In History, Politics on February 1, 2012 at 12:34 am

When you see Newt Gingrich, think Ronald Reagan.

At least, that’s what the GOP Presidential candidate wants you to do.

The former House speaker has mentioned conservative icon Reagan 55 times during 18 debates, more than all the other Republican candidates combined.

“I am much like Reagan,” Gingrich told CNN in November.

Newt Gingrich

Gingrich drew an even closer connection with the Gipper during the January 23 debate in Tampa, Florida.

Not only had he “met Ronald Reagan,” he had “helped Governor Reagan become President Reagan.”

At least, that’s history according to Gingrich.

And, on January 26,  in Mount Dora, Florida, Gingrich seemed to be adding a new role to his career as politician, amateur historian and lobbyist:  Medium.

“I will confess to you, I’m channeling Ronald Reagan in 1975-1976 and I’m channeling the way he used the Panama Canal and the fact that he didn’t back down.  He lost five straight primaries and he didn’t quit for a day.”

Nor was that all: “In 1995 at the Goldwater Institute, Nancy Reagan said that Ronald Reagan’s torch had been passed to me as Speaker of the House and that I was carrying out the values he believed in,” Gingrich said.

So: Exactly how relevant is this to the 2012 election?

That depends on whether you embrace the myth of Ronald Reagan’s Presidency–or its reality.

Ronald Reagan

The Republican party has fashioned a cult around Reagan, turning him into a modern-day saint of mythical proportions.

They have done so for the same reason that Joseph Stalin deliberately forged a cult around the dead Vladimir Lenin—to create a “holy” figure of whom other Republicans can claim to be true disciples.

Through such a cult, they can “prove” that, once upon a time, America had a courageous, decisive leader who single-handedly vanquished Communism, restored fiscal integrity to Washington, and brought prosperity to all Americans.

This farcical nonsense is intended to win support from those who didn’t live through the Reagan years—and those who slept through them.

These deliberate fictions conveniently ignore a series of ugly truths:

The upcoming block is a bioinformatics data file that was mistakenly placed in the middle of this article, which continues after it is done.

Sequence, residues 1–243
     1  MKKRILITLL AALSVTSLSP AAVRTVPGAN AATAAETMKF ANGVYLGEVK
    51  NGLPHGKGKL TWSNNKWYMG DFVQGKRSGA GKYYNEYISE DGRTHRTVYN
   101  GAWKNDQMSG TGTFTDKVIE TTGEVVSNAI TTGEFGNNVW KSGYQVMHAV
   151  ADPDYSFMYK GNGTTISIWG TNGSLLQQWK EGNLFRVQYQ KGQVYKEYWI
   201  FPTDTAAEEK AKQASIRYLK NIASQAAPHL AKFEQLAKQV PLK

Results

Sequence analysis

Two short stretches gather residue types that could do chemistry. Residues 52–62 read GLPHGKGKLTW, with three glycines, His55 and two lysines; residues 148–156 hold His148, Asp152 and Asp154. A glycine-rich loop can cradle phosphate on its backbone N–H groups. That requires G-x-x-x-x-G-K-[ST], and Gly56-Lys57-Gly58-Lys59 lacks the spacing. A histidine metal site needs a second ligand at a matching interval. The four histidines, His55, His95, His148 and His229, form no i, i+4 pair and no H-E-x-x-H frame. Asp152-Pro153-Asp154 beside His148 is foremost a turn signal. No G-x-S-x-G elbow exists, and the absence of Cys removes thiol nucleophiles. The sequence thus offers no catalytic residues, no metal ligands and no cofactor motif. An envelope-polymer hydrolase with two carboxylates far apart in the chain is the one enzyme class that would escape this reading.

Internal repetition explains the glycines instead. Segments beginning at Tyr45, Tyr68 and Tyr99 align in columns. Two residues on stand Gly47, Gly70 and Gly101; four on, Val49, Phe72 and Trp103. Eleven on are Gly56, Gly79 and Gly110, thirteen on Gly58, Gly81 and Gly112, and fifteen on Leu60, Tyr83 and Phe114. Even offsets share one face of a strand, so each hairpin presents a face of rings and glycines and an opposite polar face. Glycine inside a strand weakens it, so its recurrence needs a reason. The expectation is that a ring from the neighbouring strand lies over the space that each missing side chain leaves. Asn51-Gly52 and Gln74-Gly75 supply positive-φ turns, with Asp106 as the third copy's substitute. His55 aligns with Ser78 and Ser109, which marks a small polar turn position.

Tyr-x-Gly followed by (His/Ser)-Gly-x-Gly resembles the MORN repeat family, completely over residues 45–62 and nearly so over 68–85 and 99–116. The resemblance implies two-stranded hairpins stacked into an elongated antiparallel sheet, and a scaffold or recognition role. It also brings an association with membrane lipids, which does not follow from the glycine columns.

• Reagan was only one of a series of Presidents who held the line against the Soviet Union.
  • His budgets were just as stained with red ink as those of all previous Presidents.
  • Far from standing up to Iranian terrorists, Reagan sold them our most sophisticated missiles in a weak-kneed exchange for American hostages.  Then he went on television and brazenly lied that any such “arms for hostages” deal had ever happened.
  • By the end of his term, 138 Reagan administration officials had been investigated, indicted or convicted for official misconduct and/or criminal violations. 
  • His “trickle-down” Reganomics brought prosperity to only the wealthiest 1% of Americans, proving that “a rising tide lifted some yachts.”
  • By drastically shrinking the tax-base, bloating the defense budget and destroying programs to benefit the poor and middle-class, Reagan produced a $1 trillion deficit—which only the Clinton Administration eliminated.
  • Reagan believed that government should not help the impoverished.  Those who lacked wealth to buy such necessities as housing and medical insurance were written off as unimportant.
  • John F. Kennedy had praised government service as an honor.  Reagan repeatedly said that “the best and the brightest” could be found only in business.
  • This denigration of government service continues among Republicans to this day–defaming the very institutions they lust to control.
  • Although he often berated the poor for their “laziness,” Reagan adhered to a “banker’s hours” schedule: During his working hours in the Oval Office, he often had blocks of free time–two to three hours.  He would call for his fan mail and answer it.
  • Reagan saw no need to protect America’s fragile environment against corporate polluters eager to enrich themselves at its expense: “Approximately 80% of our air pollution stems from hydrocarbons released by vegetation, so let’s not go overboard in setting and enforcing tough emission standards from man-made sources.”

Reagan famously attacked “welfare queens” and sought to deny government benefits for the poor.  But he didn’t hesitate to enrich himself at public expense.

Among these riches:

  • Before his Presidency ended, 18 wealthy Californians contributed $156,000 apiece to buy him a 7,200 square-foot mansion overlooking Beverly Hills.
  • Reagan signed a multi-million dollar deal to write his Presidential memoirs and publish a collection of his speeches.
  • He signed an exclusive contract with a Washington lecture bureau, which paid him $50,000 per speech given in the United States and $100,000 overseas.  This made him the highest-paid speaker in the country.
  • These monies came in addition to his Presidential pension of $99,500 a year for life and his $30,000 annual pension as a former governor of California.
  • At a cost to the government of $10 million annually, Reagan continued to receive lifetime Secret Service protection from 40 fulltime agents.

The “cult of Lenin” died when the Soviet Union collapsed in 1991. The “cult of Reagan” will continue to flourish for as long as the Republican party finds voters willing to believe in it.

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